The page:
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If you’re a merchant or retailer, you have other days like November 27 and December 24 engrained in your mind, marked on your smart phone and on the calendar hanging in your break area. It’s time to add another date to your list, because chances are good that if you’re not using terminals capable of processing chip-enabled card payments by the EMV compliance deadline of October 1, you’re painting a big target on your back for the world’s most sophisticated data thieves to hit.1

In EMV Deadline, Data Thieves See an Opportunity

Stopping fraud has always been a game of cat and mouse, with retailers more often reacting to data thieves than nabbing them. Fraud didn’t become a $5.5 billion global industry because hackers are lucky. Fraudsters are highly intelligent. Their operations are sophisticated and they’re smart about who they target. They’ll swipe data from retailers still operating mag-stripe only terminals and then use that data to make fraudulent purchases online.

The impending EMV compliance deadline of October 1 promises to create acrimony between banks and merchants, leaving an opportunity for thieves to take advantage of merchants that haven’t yet updated their terminals, certified their software or trained their employees on how to process chip-enabled card payments. Yet, if the recent, massive data breaches experienced by high-profile retail giants taught us anything, it’s that the cost of losing the public’s trust in the safety of your shopping experience can be devastating. Those breaches stand as a warning to non EMV-compliant merchants and signal the need to invest in EMV compliance as one of the necessary protocols to put in place to guard against fraud.

What History Tells Us

Introduce a new wrinkle into the payments process to make it safer and it’s a sure bet that in a matter of time, thieves will figure out how to change their behavior to maintain their income.  Such has been the case with EMV in its UK rollout. Chip-and-PIN implementation in the UK gained traction in 2004 and within two years had reached near full migration. At the end of August 2006, 99.8 percent of chip transactions were PIN-verified.

Tracked over a ten-year period from 2004 to 2014, card-not-present (CNP) fraud soared in the UK as sophisticated thieves were forced to replace their traditional domestic counterfeiting and card-present fraud activities. If past history is any indication, a similar rise in CNP fraud should be expected in the U.S. over the coming years; taken together with an ongoing  growth in eCommerce transactions, it would appear that a perfect storm is shaping up to hit the payments industry in the U.S.

And it’s not just about CNP fraud. We also saw other fraud behavior here in the UK in the post EMV environment. In some cases, domestic fraudsters who didn’t target CNP fraud or engage in cross-border fraud moved instead to account takeover and online banking fraud to get access to genuine cards, enabling them to continue with their domestic spending sprees.

Not Just a Brick and Mortar Issue

EMV isn’t just a mandate which impacts the issuance of plastic cards and in-store point-of-sale systems. Although online retailers have always assumed liability for transactions given the lack of physical touchpoints, their potential for loss gets larger with EMV when the fraudsters switch tactics now that physical stores have stronger fraud prevention systems in place at the in-store terminal level.  Pure play eCommerce merchants (or E-tailers) have as much to lose if not more, given the fact that all of their business comes from the CNP channel.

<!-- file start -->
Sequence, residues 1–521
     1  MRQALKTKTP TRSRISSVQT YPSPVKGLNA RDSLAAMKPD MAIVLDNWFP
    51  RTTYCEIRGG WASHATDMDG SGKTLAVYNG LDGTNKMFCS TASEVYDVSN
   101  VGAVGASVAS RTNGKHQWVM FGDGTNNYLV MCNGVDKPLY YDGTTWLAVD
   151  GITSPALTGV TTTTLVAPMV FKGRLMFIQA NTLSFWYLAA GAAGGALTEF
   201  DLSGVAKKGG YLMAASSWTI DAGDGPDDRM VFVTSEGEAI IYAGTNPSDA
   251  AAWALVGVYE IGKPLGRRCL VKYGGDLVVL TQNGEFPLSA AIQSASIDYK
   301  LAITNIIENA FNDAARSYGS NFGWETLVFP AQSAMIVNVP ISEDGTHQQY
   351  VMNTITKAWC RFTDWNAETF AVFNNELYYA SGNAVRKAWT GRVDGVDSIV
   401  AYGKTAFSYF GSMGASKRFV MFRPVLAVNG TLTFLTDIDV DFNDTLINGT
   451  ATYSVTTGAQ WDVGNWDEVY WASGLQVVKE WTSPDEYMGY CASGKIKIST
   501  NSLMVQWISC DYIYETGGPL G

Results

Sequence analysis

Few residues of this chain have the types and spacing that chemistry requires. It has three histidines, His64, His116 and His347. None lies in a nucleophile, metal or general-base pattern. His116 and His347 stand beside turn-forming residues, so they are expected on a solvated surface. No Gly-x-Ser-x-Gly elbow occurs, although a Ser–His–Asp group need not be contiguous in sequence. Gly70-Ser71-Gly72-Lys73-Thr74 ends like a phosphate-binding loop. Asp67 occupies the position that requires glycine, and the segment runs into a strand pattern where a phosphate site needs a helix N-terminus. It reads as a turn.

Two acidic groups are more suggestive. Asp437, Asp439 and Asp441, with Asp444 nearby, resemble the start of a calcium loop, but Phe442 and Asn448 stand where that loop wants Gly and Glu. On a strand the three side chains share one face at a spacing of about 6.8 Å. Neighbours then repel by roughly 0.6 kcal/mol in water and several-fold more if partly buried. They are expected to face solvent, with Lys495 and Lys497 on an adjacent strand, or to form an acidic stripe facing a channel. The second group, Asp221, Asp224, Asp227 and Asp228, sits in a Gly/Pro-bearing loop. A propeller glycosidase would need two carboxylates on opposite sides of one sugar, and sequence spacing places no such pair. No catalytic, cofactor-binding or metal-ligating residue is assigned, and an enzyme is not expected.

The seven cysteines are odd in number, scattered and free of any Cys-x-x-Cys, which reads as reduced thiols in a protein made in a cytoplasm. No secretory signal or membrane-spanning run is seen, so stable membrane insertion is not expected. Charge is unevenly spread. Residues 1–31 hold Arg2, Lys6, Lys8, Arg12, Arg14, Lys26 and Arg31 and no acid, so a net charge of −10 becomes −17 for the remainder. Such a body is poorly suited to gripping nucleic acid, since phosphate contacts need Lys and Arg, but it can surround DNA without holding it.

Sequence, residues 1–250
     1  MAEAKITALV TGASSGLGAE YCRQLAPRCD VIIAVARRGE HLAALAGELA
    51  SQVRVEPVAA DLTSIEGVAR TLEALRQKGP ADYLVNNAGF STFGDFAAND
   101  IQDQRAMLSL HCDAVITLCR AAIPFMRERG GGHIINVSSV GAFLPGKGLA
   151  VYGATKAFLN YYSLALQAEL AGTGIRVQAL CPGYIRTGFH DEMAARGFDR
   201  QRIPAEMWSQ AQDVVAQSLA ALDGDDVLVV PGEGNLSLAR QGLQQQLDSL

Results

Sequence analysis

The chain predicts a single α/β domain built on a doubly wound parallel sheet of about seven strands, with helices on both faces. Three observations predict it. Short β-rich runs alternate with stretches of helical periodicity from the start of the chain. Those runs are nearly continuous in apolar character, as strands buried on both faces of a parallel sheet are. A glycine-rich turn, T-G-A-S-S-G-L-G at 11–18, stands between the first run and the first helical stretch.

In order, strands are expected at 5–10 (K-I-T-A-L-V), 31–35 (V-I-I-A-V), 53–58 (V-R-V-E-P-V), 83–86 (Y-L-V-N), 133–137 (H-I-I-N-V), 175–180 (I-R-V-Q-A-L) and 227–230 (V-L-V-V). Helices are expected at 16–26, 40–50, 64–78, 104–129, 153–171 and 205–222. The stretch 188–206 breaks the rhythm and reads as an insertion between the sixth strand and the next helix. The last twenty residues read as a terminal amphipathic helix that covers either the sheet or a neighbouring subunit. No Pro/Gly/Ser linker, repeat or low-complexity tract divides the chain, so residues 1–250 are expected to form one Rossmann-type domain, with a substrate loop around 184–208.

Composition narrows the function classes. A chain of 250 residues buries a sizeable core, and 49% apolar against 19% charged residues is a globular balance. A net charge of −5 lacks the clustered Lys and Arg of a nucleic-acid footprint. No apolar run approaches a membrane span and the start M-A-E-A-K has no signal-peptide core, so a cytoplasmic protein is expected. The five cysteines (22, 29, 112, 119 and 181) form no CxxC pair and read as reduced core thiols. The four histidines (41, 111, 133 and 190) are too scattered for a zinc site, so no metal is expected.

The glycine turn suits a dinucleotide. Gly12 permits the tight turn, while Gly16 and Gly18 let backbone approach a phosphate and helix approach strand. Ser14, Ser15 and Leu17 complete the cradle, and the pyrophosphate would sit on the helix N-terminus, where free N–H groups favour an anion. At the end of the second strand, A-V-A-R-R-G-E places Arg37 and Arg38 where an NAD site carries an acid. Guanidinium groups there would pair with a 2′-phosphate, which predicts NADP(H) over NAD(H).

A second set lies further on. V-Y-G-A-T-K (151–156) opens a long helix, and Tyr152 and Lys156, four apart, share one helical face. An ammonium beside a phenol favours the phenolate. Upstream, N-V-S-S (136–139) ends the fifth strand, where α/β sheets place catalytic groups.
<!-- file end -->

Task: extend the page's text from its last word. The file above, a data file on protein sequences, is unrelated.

Smart Merchants Will Make the Safe Move

When it comes to EMV compliance and outmaneuvering data hackers and fraudsters, merchants are at the tip of the spear. They have to discern what the payment experience will be like in their stores and how they will engage customers who are frustrated by the new payment experience. Merchants will bear the brunt of customer frustration, confused employees and eager thieves. Non EMV-compliant merchants will also shoulder the liability that used to fall to payment processors and issuing banks for fraudulent transactions.

In the unending effort to stay a step ahead of fraudsters, EMV compliance and CNP fraud detection and prevention are the safest and smartest moves a merchant can make.  Are you ready?

This is the fourth post in a new series on EMV. Catch up on past posts below.

1. Peterson, T., Fishman, J. EMVelocity: Outlook for POS Reterminalization and Mobile Payments. Aite Group, January 2015.

Director, Fraud Product Management

Currently Director of Fraud Product Management at ACI Worldwide, Jackie has more than 27 years’ experience within financial crime. She joined Retail Decisions (ReD) in late 2011, prior to its acquisition by ACI in 2014, as Head of International Products, ensuring ReD’s fraud and payment solutions enabled revenue growth and reduced losses for customers in all markets.  She assumed responsibility for ReD’s product portfolio and roadmap in 2013 and led a global team of product experts focused on the further development of ReD’s market-leading fraud and payment solutions. Before joining ReD, Jackie worked at Actimize, setting the vision and leading the development of financial crime products for the company. She was previously Director of Fraud for EMEA at First Data, and EVP, Head of Global Fraud Management at Citigroup.